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Thursday, January 5, 2012

Etymophilia

The English language is a love of mine. Culture is shaped and defined by its language. And English is a fascinating amalgam of other languages and cultures. It's also always changing. We don't have a "Belles Lettres" to maintain standard usage, which has its benefits and drawbacks.

I especially love archaic English. The more arcane, the more delightful. I can thank my HS English teachers for that, who made us read Chaucer and Shakespeare with an OED and figure it out. Maths bored me; what's the point to solving equations with dead intractable formulas? It's all too simple. No, give me the ever-evolving, multi-influenced "problems" of language.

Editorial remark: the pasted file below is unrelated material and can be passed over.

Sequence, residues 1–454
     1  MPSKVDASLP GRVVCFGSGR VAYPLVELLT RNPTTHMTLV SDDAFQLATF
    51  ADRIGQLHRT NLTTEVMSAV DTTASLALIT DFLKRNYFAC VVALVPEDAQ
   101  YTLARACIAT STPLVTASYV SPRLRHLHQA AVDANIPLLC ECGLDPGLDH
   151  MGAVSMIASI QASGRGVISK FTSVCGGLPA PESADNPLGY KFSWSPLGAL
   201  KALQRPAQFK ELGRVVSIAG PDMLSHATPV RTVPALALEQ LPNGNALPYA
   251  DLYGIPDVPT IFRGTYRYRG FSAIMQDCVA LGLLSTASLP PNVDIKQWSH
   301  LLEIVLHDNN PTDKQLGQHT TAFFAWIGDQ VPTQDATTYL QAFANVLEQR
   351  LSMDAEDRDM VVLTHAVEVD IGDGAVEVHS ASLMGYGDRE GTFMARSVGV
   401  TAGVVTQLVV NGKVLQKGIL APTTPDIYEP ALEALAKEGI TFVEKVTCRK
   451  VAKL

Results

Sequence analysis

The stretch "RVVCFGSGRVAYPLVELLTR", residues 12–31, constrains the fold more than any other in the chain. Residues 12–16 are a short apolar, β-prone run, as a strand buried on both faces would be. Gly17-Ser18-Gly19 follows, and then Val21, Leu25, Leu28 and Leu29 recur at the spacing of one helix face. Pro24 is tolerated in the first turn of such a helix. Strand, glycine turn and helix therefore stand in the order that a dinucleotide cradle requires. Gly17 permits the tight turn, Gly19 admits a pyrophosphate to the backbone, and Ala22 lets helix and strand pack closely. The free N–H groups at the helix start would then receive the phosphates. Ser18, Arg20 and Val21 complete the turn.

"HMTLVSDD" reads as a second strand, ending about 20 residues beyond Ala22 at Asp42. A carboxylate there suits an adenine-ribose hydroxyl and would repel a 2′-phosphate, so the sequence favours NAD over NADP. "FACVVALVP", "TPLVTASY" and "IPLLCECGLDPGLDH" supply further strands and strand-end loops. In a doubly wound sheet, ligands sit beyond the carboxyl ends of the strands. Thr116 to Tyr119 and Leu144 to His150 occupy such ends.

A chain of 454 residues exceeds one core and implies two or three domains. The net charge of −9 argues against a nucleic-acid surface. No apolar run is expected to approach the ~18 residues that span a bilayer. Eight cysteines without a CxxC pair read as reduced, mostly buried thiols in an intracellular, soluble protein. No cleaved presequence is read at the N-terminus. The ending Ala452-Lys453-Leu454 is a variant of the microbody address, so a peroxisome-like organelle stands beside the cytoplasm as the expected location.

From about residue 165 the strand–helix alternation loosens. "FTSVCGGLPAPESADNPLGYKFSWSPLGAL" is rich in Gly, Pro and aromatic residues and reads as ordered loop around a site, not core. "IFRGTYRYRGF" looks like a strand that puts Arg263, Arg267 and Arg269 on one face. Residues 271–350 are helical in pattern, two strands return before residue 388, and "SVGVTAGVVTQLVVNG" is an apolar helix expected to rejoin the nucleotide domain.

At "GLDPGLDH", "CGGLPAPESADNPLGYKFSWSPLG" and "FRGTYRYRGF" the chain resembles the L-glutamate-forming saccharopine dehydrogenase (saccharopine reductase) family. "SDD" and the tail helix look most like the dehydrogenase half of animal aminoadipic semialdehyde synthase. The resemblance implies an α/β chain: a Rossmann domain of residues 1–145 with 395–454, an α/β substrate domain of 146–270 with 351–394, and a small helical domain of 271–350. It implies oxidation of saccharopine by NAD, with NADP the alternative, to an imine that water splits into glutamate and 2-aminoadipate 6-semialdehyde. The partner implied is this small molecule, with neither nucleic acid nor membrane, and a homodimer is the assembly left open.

If words fascinate you too, here are some bits of fun for a cold winter day...

common Tolkein terms:
http://www.glyphweb.com/arda/words.html

general etymology:
http://www.etymonline.com/

the Wiktionary:
http://en.wiktionary.org/wiki/Wiktionary:Main_Page

and here's some phrase origins, for contextual history:
http://www.phrases.org.uk/meanings/36400.html

5 comments:

mybabyjohn/Delores said...

Fun stuff.

Geo. said...

Excellent links! Shakespeare and an OED, eh? You were fortunate. My hick high school (recently researched the word "tarnation" on my blog) gave me James Joyce and a kaleidoscope.

Austan said...

Had to add this: words that should be banished in 2012-
http://www.lssu.edu/banished/current.php

Damon said...

what a greaaaat blog ,love your blog =) follow

Austan said...

Thanks, Damon, welcome!